If your child has ALN , one to one tuition could be the best choice for you.
Many families are looking to the next academic year with apprehension – any school year can be daunting but the impact of Covid-19 on education could make things even harder. Out of a normal 190 school days, the average pupil in Wales has missed 66 days of learning due to disruption because of the virus. Exam boards and teachers will collaborate to do their best to help pupils catch up on what they have missed but for pupils with Special Educational Needs (SEN) making up the difference could be even more of a challenge.
Don’t worry though – one-to-one tuition is a flexible, cost-effective way for pupils with additional needs to get the support that they need to flourish. One to one tuition can be a fantastic way for pupils of all abilities to learn to the best of their ability.
Schools across the UK make a huge effort to make school a comfortable environment for pupils with autism. However, a study by the National Autism Society found that 60% of teachers don’t think that they have received adequate training to teach children with autism.
Learning at home with a one-to-one tutor can help ALN pupils feel more relaxed and ready to work without the distractions of other pupils in a noisy classroom. Tutors can collaborate with parents and carers to help create a calm routine so that pupils are able to thrive.
ADHD stands for attention deficit hyperactivity disorder. Pupils with ADHD often find that they struggle to focus on one task for an extended period and instead prefer to do a variety of short engaging tasks. For a teacher in the classroom, it can be difficult to adapt lesson plans to suit this style of learning as they will also need to consider the needs of the other pupils. A one-to-one tutor can give students more time and attention to help them thrive inside and outside the classroom. Tutors can adapt to pupils’ moods and interests quickly while teachers will sometimes have to stick to pre-planned lesson plans.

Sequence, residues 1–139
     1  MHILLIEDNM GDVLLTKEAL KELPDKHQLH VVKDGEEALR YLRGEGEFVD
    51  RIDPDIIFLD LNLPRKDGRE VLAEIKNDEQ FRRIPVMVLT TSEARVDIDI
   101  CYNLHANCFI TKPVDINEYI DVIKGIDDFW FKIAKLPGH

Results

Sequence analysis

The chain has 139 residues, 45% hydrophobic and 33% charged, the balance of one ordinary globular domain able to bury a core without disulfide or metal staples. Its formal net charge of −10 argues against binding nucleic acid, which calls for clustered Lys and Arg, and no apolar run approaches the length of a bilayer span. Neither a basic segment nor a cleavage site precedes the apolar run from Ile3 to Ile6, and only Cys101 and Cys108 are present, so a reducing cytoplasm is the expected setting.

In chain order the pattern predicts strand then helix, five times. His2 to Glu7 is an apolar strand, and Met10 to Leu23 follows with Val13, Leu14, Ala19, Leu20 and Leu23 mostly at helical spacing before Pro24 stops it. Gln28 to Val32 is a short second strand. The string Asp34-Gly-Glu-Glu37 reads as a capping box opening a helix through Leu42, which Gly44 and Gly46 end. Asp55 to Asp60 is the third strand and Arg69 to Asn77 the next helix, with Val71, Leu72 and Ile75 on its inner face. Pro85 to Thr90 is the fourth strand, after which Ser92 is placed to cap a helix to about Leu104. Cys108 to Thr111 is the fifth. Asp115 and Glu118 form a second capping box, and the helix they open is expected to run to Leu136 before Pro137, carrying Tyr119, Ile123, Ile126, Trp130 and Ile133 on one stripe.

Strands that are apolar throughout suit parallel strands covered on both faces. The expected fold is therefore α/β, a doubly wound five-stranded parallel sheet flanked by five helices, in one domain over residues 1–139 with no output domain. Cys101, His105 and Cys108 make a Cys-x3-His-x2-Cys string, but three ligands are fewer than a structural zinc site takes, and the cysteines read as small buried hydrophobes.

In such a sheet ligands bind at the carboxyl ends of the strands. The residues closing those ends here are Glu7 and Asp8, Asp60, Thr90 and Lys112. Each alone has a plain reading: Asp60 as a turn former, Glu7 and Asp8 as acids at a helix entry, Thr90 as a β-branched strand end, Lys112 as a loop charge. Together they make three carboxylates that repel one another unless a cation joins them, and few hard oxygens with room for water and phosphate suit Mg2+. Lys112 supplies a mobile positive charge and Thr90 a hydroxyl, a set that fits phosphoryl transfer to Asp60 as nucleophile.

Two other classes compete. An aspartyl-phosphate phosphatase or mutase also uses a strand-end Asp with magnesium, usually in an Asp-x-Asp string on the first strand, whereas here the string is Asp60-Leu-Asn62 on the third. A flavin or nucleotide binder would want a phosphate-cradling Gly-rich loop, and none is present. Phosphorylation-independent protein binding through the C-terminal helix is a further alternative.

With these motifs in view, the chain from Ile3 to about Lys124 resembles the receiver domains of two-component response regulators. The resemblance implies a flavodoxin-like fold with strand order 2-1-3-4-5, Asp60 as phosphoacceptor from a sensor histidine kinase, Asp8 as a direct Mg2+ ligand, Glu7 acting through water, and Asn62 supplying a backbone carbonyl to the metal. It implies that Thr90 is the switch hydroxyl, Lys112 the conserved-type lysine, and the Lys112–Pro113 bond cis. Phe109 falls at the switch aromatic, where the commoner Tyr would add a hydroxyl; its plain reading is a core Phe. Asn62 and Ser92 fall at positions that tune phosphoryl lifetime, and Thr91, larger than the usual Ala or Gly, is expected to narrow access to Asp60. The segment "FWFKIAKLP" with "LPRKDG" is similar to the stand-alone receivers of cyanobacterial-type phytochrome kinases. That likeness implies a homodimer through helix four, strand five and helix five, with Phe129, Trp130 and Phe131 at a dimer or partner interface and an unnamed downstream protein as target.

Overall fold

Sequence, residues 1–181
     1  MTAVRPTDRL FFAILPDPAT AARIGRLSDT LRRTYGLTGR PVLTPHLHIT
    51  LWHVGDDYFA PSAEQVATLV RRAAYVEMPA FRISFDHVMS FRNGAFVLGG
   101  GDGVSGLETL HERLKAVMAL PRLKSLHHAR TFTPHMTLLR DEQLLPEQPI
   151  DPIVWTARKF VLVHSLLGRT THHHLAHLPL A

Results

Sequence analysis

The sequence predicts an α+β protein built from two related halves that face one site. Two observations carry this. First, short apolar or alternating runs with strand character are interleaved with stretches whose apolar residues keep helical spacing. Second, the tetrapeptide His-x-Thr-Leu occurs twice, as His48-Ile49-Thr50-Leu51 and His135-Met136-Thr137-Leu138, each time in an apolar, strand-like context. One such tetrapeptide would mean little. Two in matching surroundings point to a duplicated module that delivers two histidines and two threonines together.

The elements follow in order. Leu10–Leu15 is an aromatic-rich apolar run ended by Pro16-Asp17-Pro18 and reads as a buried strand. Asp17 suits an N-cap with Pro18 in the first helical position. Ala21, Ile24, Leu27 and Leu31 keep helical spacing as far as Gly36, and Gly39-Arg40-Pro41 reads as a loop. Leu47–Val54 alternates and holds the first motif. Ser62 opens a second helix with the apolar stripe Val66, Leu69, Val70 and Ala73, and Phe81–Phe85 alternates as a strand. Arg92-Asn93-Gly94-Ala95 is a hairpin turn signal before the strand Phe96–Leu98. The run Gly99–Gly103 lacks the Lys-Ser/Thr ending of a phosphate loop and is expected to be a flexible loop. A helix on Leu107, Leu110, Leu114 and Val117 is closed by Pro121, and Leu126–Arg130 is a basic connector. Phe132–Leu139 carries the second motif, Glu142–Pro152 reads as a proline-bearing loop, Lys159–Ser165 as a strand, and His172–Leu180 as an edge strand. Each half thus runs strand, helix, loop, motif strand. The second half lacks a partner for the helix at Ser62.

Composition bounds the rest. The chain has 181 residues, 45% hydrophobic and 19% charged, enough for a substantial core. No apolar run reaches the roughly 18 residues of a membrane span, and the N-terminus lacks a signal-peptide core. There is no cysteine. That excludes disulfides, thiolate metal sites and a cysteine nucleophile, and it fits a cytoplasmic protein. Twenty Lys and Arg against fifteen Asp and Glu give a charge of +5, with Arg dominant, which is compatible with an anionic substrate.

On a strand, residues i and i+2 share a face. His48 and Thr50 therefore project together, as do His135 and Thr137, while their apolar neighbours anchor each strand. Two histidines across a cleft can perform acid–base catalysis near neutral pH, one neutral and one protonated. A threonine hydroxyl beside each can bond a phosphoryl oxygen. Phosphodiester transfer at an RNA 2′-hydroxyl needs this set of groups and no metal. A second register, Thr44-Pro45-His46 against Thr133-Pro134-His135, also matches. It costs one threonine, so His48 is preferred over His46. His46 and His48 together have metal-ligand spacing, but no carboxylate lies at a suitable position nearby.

Teachers and teaching assistants might also have limited awareness of the triggers that can distract pupils with ADHD. Tutors, on the other hand, will spend a longer amount of time talking to the pupil and will be more aware of how to keep them on task. Tutors can talk to pupil’s teachers if they discover any strategies that are particularly effective.
Feedback is crucial for all students but especially pupils with additional learning needs who might be struggling to keep up with the rigorous demands of the national curriculum. When a pupil writes an answer in the classroom the teacher will mark it and give advice about how pupils can improve in future. Many schools make pupils improve their work (sometimes in a different coloured pen) so that the pupils can demonstrate that they have understood the feedback and will do even better next time.
This process of feedback and improvement is one of the most effective ways that pupils can improve. The difficulty for a teacher is that they have to mark the work of an entire class – a tutor will only need to mark one answer, so will be able to provide feedback almost instantly. This will help pupils with ALN to understand exactly where they are going wrong.
Written by Samuel Heaton, a Cardiff & Vale English Tutor.
Keywords: ALN, additional learning needs, ADHD, autism
Photo by Mart production.